Tech News November 13, 2008
Edited by James Huang
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Cyclingnews tech desk.
SRAM to launch complete mountain bike group
By James Huang
SRAM will build a complete cross-country
Photo ©: SRAM
Component manufacturer SRAM has announced a complete new high-end mountain
bike groupset to be available mid-year 2009. Dubbed XX the
new group will exceed the demands of the cross-country athlete through
all-new technologies focused on precision, efficiency, and weight,
according to SRAM. Like the Red road group, it will be a true joint development
between the SRAM, RockShox, Avid and Truvativ divisions.
Beyond that, SRAM is keeping its cards very close to its chest to prevent
a fast response from rival Shimano. Shimano is reliably reported to be
developing a ten-speed mountain bike group in response to previous rumours
of a new SRAM group.
One reliable rumour, though, concerns comparison between XX and Shimanos
current top-end road bike groupset. XX will weigh, we hear, the same as
the 2009 Dura-Ace groupset.
While what follows is unofficial, the groups intended use, SRAMs
recent road components and documented spy photos provide enough ammunition
for us to think we can guess accurately what SRAMs up to.
The first ten-speed off-road drivetrain
If you take the groups moniker as Roman numerals, XX looks likely
to have not only the first ten-speed off-road transmission, but a dedicated
2x10 system specifically aimed at fit racer-types.
The rear cassette will likely be based on the innovative PowerDome design
of the road-going Red group but modified for better performance in muddy
conditions with a more open architecture. The 11-34 tooth range is unlikely
to change much but the additional ratio in the middle will mean smaller
jumps between gears, something racers always like.
Up front, its logical to expect XX to use a lightweight carbon
crankset optimized for a two-ring set up with a narrower pedal stance
width and more closely tucked-in chainline.
Hybrid ceramic bearings are a certainty and it is also possible that
SRAM will draw on the technologies of newly acquired wheel and crank maker
Zipp for the composite structure and its oversized aluminum spindle and
However, given the performance advantages of the recently launched Truvativ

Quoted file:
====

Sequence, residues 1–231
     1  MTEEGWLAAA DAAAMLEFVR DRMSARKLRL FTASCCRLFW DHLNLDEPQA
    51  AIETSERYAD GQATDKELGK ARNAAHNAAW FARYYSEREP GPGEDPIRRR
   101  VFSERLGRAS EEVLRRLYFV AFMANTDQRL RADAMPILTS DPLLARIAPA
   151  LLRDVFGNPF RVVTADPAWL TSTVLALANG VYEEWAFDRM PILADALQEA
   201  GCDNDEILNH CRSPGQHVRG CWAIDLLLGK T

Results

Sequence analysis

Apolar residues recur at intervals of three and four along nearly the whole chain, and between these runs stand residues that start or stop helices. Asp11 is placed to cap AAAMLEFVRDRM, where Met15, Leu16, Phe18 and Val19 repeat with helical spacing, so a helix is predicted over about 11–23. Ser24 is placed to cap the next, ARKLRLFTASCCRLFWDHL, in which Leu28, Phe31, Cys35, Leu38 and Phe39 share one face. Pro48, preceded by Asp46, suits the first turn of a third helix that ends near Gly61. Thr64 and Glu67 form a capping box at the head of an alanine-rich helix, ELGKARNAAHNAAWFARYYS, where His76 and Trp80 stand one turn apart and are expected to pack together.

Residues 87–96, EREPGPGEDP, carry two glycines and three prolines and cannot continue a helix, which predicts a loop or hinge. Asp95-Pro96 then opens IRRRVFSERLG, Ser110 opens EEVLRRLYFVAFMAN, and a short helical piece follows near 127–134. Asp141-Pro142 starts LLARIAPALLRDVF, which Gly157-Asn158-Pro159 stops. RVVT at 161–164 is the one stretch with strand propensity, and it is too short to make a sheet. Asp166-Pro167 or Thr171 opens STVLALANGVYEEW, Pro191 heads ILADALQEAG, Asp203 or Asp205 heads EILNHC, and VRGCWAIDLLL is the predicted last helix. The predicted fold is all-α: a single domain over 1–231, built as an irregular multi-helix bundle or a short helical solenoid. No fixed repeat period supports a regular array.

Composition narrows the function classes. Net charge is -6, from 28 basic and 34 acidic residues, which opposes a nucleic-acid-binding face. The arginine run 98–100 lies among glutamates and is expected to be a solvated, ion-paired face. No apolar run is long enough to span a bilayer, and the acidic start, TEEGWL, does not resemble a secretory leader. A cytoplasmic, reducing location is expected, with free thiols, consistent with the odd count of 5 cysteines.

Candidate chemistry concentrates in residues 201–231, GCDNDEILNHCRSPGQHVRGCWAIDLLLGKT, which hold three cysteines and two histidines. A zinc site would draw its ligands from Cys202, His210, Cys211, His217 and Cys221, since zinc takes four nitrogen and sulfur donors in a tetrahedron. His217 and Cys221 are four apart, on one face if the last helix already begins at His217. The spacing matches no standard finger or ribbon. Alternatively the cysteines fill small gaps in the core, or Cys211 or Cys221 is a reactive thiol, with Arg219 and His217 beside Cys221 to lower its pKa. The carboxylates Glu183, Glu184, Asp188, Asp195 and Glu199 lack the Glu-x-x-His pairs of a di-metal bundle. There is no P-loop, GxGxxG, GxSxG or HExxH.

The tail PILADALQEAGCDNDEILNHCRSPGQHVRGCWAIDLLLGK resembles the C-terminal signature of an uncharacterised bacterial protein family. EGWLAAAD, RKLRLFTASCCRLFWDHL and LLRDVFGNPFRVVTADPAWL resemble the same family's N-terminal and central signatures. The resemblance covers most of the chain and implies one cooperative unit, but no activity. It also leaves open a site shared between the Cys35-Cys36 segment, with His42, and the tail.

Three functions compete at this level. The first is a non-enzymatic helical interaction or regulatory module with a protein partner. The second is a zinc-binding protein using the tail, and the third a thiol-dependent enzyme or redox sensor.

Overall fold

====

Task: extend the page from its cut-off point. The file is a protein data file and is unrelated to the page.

HammerSchmidt system, we wonder if that technology could be lightened
up to World Cup cross-country level. The frictional losses from the planetary
gear and the packaging difficulties might be too much to overcome but
you never know.
Carbon, carbon everywhere
Carbon fiber will undoubtedly play a pivotal role in the XX group. Likely
candidates for composite construction include the usual suspects such
as the crankarms, rear derailleur components, brake lever blades, seatpost,
handlebar and stem.
Sponsored racers are already using prototypes of a SID fork with one-piece
carbon fiber crown and steerer, so thats almost a certainty. Maybe
well see full carbon fiber lower legs, too? Doubtful, but who knows.
It remains to be seen if SRAM will give it an XX identity forks
arent part of a traditional groupset, but its range of equipment
means SRAMs not quite a traditional groupset maker.
Wheels with carbon rims are a possibility too. It wouldnt take
much to adapt the most recent hub designs from SRAMs Indianapolis-based
carbon wheel subsidiary Zipp for disc brake use and Zipp has the capability
of developing a lightweight rim that can stand up to the rigors of off-road
abuse. However this is something SRAM and Zipp will want to get exactly
right and is therefore something we might not see with the first release
Speaking of brakes, weve also already spotted magnesium versions
of Avids latest Elixir disc brake on the World Cup circuit so thats
a given as well. What we have yet to spot but definitely anticipate
are lightweight rotors made of something other than stainless steel.
Coated aluminum rotors such as those once pitched by Stan Koziatek of
NoTubes fame would not be in keeping with SRAMs usual durability
and wear requirements so our money is on something a little more exotic.
Ceramic-reinforced aluminum metal matrix composites are a known quantity
in this department in other industries such as automotive so something
from that family of materials sits at the top of our list.
All of this is speculation, and while some of it may be far-fetched,
SRAMs assertion of all-new technologies suggests (at
least to us) that there might be something here we havent even begun
to think about. Something wholly unconventional. Perhaps a wholly new
method of shifting? Some kind of electronics package?
There also certainly is no official word on weights or costs, though
super light and super expensive are likely descriptors.
We will continue to keep our ears to the ground for additional information
prior to the official mid-2009 release date. Until then, well have
to wait a while for more official information but this certainly sounds
like a big deal to us.